Little-Known Vitamin May Slash Heart Risk by 57 Percent

Can one simple vitamin reverse heart disease? Dr. Leon Schurgers says it can.

As we explained on Tuesday, he’s a graduate of the prestigious University of Maastricht in the Netherlands. He currently leads research at the world-renowned Cardiovascular Research Institute.

Research shows that Americans have too much calcium in their arteries and not enough in their bones. It’s called the Calcium Paradox. And it leads to osteoporosis and heart disease.

But Dr. Schurgers says that it’s not because we get too little calcium in our diet. Rather, we get too little vitamin K2.

That’s because vitamin K2 controls where your calcium goes. And that’s the key to heart health.

Linking K2 to Health

A diet rich in Vitamin K gets calcium into your bones while removing it from your arteries. If your diet is low in vitamin K, you get calcium deposits in your arteries. That leads to plaque and calcification and ends in heart disease and heart attack.

Headed up by Dr. Schurgers, the Rotterdam Heart Study followed 4,800 participants for seven years. It’s the largest clinical trial to directly link vitamin K2 to heart disease.

The study showed that people who got plenty of K2 in their diet had 57 percent fewer heart attacks than those who didn’t.

The study also showed that plaque results when calcium leaves your bones and ends up in your arteries. This plaque leads to heart disease. And it presents heart disease in a whole new light.

Directing Traffic

Here’s how vitamin K2 works. Your body has an enzyme called Matrix Gla-protein (MGP) that is controlled by K2. MGP is a calcium-binding protein found in your bones. Research shows lab mice that lack this protein die as a result of ruptured blood vessels from calcified arteries.

In people, studies show that MGP is found near calcium in the your arteries. And Rotterdam study showed that people low in K2 are 57 percent more likely to have advanced atherosclerotic plaque.

What About K1?

If there’s a K2 there’s got to be a K1, right? There is. Vitamin K1 is found in green, leafy vegetables like spinach.

A study at University Medical Center Utrecht in the Netherlands studied 16,057 women for eight years. The women had no coronary heart disease at the start of the study. The studied followed their intake of K1 and K2. The women getting K1 had 480 incidents of heart attack over the eight years. But the women getting K2 again had a 57 percent lower rate.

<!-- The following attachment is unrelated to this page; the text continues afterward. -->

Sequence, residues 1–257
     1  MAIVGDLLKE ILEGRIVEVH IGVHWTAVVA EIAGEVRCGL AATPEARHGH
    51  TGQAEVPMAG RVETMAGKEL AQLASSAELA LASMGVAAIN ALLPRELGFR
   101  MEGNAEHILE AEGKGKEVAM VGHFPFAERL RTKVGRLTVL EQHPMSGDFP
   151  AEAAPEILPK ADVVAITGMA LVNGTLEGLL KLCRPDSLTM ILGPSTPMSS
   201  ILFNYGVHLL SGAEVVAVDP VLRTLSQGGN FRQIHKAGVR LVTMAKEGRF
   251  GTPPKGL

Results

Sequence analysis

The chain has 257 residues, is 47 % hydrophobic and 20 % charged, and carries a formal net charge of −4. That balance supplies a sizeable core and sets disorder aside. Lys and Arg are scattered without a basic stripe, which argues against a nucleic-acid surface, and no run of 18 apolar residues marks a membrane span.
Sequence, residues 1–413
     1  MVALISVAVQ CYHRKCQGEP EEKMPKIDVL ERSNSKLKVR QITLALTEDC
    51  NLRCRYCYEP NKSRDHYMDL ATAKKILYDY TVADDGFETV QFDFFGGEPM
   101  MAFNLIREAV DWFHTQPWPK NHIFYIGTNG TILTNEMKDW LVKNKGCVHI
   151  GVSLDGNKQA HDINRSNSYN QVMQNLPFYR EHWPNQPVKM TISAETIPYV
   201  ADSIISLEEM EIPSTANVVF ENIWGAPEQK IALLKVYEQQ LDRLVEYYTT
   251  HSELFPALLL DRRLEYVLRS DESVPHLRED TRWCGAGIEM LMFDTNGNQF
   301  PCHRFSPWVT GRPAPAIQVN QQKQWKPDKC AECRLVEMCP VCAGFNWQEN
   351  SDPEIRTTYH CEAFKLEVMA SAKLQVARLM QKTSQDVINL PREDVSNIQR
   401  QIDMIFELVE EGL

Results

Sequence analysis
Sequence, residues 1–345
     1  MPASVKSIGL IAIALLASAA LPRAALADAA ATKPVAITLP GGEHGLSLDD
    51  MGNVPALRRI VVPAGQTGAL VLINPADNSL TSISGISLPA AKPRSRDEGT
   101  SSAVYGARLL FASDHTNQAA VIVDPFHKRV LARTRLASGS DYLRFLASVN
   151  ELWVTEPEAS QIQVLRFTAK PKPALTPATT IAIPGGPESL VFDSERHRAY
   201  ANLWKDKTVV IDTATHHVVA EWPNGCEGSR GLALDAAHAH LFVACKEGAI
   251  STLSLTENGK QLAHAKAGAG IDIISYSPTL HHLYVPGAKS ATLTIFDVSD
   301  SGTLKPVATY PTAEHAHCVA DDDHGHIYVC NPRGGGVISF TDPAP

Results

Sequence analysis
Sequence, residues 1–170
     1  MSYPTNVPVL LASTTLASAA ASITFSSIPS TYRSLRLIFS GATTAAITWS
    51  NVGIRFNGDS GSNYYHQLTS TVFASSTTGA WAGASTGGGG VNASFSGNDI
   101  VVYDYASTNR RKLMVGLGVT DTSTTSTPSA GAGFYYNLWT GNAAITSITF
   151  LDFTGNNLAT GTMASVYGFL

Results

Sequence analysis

Researchers concluded that K1 had little effect on cardiovascular health. But K2 dramatically reduced it.

“K1 has little influence on cardiovascular health,” says Dr. Schurgers. “Natural K2 prevents arterial calcium accumulation.”

Power Up Your Diet

Increasing your intake of vitamin K2 keeps your calcium where it should be. In your bones and out of your blood stream. That stops plaque from building up and leading to heart disease.

“Keeping calcium out of our arteries and in our bones is a great take-home message,” says leading authority Dr. Richard Passwater. “The need for K2 seems straight-forward.”

Both Dr. Passwater and Schurgers agree that U.S. diets are critically low in K2.

So how do you get K2 into your diet?

Vitamin K2 is found largely in meats and eggs. But you have to be smart about adding healthy K2 to your diet. Plus, you must avoid unhealthy fats and processed chemicals.

Be sure to buy meat and eggs that are hormone- and antibiotic-free. Meat should be unprocessed and lean.

Your best bets are grass-fed meats and cage-free eggs. These are organic and natural and provide that much-needed K2.

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Health Topic: Heart and Cardiovascular

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